Many artists are inspired by everyday life and what surrounds them, so it’s no surprise that when social media crept into our daily routines, some started to explore and reflect on the emotional, social and greater societal repercussions of our interactions online.
We’ve discussed the relationship between artists and social media in a range of different situations at Digital Arts before, including what social media has done to political graphic design and art, the importance it plays in gaining clients when starting out as a freelance illustrator, how it affects what clients want – or the power it has to make art 'viral' – and most recently, how it can negatively affect our mental health.
But it’s not just us talking about social media. Fake news, the Cambridge Analytica scandal and Facebook’s loose data protection have been in the spotlight this year, contribute to a growing awareness of learning to use social media healthily and responsibly.
Here we feature personal projects by artists which explore our different interactions and habits with various platforms, and the potentially destructive role it plays in our lives, but yet, how we can’t bare to be free of it. Mike Campau, Andrei Lacatusu, Sharmelan Murugiah, Paolo Beghini, Ben Fearnley and Igor Kozack explore themes of addiction, self-esteem, jealousy, searching for validation, and ego-boosting habits.
US digital artist Mike Campau explores the increasingly dark, anti social media public perception with his dystopian Antisocial series – the title itself alluding to how feeling social online can ironically encourage us to be more antisocial within our physical environments.
Taking Snapchat, Twitter, Facebook, Linkedin, Instagram and Behance and transforming the brands we usually only see on a digital screen into tangible, neon road signs, the scenes becomes all the more sinister.
Each neon sign reveals common truths about how we can perceive, or use, the individual platform and subconsciously sign up to its culture and unspoken etiquette, such as using Instagram and Facebook to portray a highlight reel of our lives, and Twitter to voice political views based on what others are saying around us.
Brands that normally rule our online worlds, and therefore sometimes our real worlds, are rarely presented as destitute and on their way out. So there’s something captivating about seeing Silicon Valley icons, and game changers of the western world’s adoption of social media, in the shape and form of derelict, Las Vegas-esque signs. It paints a striking image of their mortality.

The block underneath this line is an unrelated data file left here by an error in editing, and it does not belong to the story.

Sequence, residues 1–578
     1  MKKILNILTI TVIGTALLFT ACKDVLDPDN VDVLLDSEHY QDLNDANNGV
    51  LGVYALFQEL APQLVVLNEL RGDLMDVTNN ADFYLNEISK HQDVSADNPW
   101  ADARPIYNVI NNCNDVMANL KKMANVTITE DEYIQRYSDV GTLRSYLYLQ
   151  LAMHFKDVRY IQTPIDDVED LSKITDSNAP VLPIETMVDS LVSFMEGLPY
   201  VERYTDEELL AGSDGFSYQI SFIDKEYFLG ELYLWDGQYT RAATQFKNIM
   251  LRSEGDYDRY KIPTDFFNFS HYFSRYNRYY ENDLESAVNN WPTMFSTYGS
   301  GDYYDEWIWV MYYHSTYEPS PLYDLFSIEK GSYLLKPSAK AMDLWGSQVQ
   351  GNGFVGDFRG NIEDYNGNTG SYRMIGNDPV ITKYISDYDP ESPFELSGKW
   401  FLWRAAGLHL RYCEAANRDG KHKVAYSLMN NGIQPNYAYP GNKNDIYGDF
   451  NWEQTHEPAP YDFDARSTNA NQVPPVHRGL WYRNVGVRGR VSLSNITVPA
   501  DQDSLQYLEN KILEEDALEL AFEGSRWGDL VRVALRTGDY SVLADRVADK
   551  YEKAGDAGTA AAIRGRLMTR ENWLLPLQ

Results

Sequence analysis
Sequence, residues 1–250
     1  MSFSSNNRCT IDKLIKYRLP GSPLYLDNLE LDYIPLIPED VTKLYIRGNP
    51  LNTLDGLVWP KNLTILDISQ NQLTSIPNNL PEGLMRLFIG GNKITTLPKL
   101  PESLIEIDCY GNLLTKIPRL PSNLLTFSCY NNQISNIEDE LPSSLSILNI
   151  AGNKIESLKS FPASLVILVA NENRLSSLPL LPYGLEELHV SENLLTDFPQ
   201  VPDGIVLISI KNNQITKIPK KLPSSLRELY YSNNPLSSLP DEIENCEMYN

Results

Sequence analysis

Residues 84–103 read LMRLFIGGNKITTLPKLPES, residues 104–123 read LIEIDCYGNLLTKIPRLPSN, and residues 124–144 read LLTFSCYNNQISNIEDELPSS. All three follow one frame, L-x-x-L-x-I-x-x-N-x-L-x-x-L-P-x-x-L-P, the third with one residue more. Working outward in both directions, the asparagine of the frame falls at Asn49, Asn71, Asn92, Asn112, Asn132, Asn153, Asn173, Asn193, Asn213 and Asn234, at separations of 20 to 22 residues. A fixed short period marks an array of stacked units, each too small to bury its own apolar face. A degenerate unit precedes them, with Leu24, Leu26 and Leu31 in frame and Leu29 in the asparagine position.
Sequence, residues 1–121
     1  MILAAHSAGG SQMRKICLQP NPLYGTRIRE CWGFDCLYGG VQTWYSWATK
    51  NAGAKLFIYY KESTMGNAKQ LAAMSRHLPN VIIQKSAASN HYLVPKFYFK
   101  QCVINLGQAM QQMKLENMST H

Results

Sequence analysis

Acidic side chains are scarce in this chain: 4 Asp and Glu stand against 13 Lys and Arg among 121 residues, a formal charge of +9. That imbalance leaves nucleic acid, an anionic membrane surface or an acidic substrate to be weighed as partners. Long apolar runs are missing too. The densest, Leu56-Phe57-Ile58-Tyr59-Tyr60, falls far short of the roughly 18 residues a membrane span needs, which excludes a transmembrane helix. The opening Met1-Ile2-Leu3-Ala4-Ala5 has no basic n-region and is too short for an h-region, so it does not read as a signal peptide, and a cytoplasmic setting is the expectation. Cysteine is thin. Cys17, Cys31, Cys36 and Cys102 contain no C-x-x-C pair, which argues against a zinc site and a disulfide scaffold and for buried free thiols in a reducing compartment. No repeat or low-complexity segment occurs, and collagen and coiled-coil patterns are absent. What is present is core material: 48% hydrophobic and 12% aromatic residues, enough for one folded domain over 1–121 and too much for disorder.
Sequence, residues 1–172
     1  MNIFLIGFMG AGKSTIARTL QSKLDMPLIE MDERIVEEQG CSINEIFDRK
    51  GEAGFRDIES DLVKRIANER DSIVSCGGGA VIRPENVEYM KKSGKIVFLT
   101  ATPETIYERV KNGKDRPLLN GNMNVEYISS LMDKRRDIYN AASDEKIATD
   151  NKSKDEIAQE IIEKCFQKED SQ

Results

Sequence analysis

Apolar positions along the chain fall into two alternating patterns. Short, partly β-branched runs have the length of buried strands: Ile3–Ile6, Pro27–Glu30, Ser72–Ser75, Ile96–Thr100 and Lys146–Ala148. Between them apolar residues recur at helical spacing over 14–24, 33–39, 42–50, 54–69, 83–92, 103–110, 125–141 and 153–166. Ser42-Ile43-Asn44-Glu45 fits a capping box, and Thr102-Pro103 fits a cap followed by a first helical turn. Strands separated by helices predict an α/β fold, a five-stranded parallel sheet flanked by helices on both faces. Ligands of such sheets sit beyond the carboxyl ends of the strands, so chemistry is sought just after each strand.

Self-taught digital artist Andrei Lacatusu has created 3D visualisations of the social media brands we all use everyday – Facebook, Google, Twitter, Pinterest, as well as Tinder – in the form of rusty, falling-apart and neglected neon signs – a stark contrast to the slick, shiny digital versions we see on our phones, and the slick, shiny versions of ourselves we upload to them.
London-based freelance illustrator Sharmelan Murugiah partnered with us to open up about his experience with depression for Mental Health Awareness Week, and he mentioned social media as a negative influence.
"The growing effect of social media on my work can also make you feel pressured. Seeing work pour out of other artists social accounts even though I know we use social media generally to present the best of ourselves online," he says.
This illustration is part of his personal series exploring the effects of social media on mental health.
Italian illustrator Paolo Beghini created a personal series visualising the side effects of specifically using Facebook – "one of our favourite daily activities".
Illustrations in the series poetically explore the patterns of Facebook behaviour, such as posting images to seek attention, validation, wasting time checking it, the paucity of language, and easy labeling.
New York-based artist and designer at Vault49, Ben Fearnley, has created witty 3D illustrations that visually communicate how each social media platform impacts how we connect with each other, and the individual nature of how we interact differently with each platform.
For example, binoculars for Facebook represent how much we observe other people’s lives through the medium, 'Insta-feed your ego' as a play on words on the glamorisation of Instagram and a megaphone spilling out hashtags explores the constant circulation of angry tweets on Twitter.
"Each one of these platforms encourages a different kind of communication and the amount of time we spend on social media has skyrocketed. I challenged myself to create a visualisation of how I could represent each social platforms user interaction in the most simplistic way that people could relate to and find conceptually amusing at the same time," says Ben.
Ben's also created an illustration series transforming iconic emoji faces into 3D sculptures.
See more of Ben's social media series.
Polish illustrator Igor Kozack, aka Rocketboy, explores how addiction to social media, and the desire to share our lives digitally to gain reaction, can sometimes remove us from reality.
See more by Igor Kozack.
See more by Igor Kozack.